Kids on the Move: The Benefits of Increasing Children’s Movement and Playtime

There is so much to teach our children these days, that it sometimes seems impossible to carve out time for recess. After all, our children develop academic skills in reading, writing, and math, plus Judaic studies and Hebrew language — part of Beth Tfiloh’s rigorous dual curriculum — how can we possibly find time for running and jumping?  Yet, in Beth Tfiloh’s Lower School, we know that children need to play and move their bodies regularly to learn effectively and to stay healthy and happy.

Beth Tfiloh Lower School students get their school day going with free play time
Beth Tfiloh Lower School students get their school day going with free play time

Beth Tfiloh Lower School students are enjoying more time for play throughout their day this year. Children who arrive at school between 7:30 and 8 a.m. begin their school day with supervised free play time, getting their school day off to an energetic start. And all children are enjoying dramatically longer outdoor recess.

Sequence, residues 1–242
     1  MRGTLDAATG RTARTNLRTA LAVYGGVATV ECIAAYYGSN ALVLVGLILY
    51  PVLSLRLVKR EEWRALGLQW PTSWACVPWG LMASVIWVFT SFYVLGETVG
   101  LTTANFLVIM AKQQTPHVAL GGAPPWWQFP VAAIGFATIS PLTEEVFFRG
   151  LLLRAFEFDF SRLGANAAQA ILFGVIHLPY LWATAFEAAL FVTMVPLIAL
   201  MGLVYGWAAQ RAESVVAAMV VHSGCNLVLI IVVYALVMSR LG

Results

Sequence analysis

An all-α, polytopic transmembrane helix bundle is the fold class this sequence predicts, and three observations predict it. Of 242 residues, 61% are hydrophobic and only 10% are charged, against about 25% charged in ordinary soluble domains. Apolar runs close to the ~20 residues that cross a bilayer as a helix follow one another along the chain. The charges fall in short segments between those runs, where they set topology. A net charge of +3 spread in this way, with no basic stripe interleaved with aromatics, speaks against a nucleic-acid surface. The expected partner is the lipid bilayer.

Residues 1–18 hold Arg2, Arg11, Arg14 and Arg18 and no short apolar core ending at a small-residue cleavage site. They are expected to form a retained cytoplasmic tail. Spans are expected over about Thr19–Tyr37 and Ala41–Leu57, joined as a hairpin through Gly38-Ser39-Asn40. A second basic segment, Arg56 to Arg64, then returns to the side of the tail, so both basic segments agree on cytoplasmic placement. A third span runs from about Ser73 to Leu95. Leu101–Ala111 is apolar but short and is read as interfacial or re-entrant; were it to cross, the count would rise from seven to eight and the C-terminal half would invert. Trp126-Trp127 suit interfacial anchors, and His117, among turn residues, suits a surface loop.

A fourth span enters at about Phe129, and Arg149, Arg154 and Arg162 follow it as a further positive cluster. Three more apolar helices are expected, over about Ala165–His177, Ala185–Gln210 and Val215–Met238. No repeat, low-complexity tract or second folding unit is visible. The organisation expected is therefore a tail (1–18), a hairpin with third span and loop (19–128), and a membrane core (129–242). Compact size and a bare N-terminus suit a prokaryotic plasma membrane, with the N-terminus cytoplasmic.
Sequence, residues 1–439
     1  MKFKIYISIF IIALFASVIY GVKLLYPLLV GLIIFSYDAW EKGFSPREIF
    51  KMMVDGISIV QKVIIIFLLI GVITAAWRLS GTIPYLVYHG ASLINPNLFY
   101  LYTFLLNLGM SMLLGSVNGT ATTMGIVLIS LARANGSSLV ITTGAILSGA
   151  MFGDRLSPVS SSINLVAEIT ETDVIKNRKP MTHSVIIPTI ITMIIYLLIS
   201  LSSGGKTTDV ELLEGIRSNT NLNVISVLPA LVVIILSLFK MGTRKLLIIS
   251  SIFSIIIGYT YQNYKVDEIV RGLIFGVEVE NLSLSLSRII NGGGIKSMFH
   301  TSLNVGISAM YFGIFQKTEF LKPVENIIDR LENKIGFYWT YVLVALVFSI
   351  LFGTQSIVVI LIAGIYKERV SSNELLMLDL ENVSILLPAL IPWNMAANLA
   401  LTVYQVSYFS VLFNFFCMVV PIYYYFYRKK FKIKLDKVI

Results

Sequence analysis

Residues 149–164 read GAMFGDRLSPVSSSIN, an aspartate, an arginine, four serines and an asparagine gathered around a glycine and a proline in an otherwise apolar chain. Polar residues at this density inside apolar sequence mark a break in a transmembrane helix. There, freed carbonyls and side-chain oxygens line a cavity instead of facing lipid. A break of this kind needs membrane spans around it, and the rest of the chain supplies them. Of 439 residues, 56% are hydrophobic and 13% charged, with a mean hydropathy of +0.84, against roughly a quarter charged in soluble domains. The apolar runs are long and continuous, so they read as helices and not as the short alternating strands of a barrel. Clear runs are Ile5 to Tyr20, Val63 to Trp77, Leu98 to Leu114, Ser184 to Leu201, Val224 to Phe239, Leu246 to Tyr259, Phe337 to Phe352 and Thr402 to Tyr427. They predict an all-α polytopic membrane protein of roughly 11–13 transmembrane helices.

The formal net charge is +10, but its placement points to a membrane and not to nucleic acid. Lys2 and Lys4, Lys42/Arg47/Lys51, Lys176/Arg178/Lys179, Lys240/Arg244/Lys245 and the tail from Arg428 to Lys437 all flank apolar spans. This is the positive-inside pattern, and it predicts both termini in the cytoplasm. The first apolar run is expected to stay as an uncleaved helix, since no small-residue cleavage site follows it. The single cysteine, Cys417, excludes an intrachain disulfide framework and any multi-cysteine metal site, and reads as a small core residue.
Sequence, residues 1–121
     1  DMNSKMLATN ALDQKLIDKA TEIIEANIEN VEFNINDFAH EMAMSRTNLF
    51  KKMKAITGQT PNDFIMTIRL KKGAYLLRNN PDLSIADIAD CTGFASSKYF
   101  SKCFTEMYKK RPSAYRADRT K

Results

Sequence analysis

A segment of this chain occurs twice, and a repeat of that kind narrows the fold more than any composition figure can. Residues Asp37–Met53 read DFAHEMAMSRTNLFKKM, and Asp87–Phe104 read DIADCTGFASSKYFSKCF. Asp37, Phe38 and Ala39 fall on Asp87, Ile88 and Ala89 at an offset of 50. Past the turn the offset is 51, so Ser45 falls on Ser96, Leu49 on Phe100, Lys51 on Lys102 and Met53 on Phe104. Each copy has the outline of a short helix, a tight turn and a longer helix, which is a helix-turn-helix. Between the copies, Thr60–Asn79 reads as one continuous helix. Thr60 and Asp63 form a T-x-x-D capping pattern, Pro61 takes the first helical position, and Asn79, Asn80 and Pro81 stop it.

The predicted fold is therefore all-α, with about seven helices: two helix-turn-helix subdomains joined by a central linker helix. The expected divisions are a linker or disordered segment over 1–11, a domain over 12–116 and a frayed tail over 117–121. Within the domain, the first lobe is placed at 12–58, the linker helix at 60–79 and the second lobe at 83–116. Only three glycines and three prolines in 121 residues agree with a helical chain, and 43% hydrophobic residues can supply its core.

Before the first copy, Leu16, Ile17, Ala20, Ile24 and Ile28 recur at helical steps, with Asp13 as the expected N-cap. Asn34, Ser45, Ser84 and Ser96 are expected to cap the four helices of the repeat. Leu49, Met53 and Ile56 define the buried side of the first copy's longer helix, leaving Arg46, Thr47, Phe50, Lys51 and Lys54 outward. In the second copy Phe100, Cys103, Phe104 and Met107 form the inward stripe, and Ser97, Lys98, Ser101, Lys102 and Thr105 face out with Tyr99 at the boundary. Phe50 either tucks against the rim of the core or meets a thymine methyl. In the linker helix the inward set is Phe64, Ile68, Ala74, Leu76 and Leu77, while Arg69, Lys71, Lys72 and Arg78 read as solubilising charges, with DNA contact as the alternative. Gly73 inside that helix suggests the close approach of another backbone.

Physical benefits of exercise

According to the Centers for Disease Control, regular physical activity helps children improve their fitness, build strong bones and muscles, control their weight, and reduce symptoms of anxiety and depression. Additionally, a study by the Robert Wood Johnson Foundation discovered that 42 percent of children in the United States get most of their daily exercise during time spent at recess. Current guidelines recommend that children get at least 60 minutes of physical activity each day to develop cardio and muscle systems. This activity also reduces their risk of obesity, heart disease, and Type 2 diabetes. While physical education classes are excellent sources of learning and exercise; however, time in PE alone is not sufficient exercise for our children. This is why we prioritize recess and play throughout Beth Tfiloh Lower School students’ day.

Cognitive and social benefits of exercise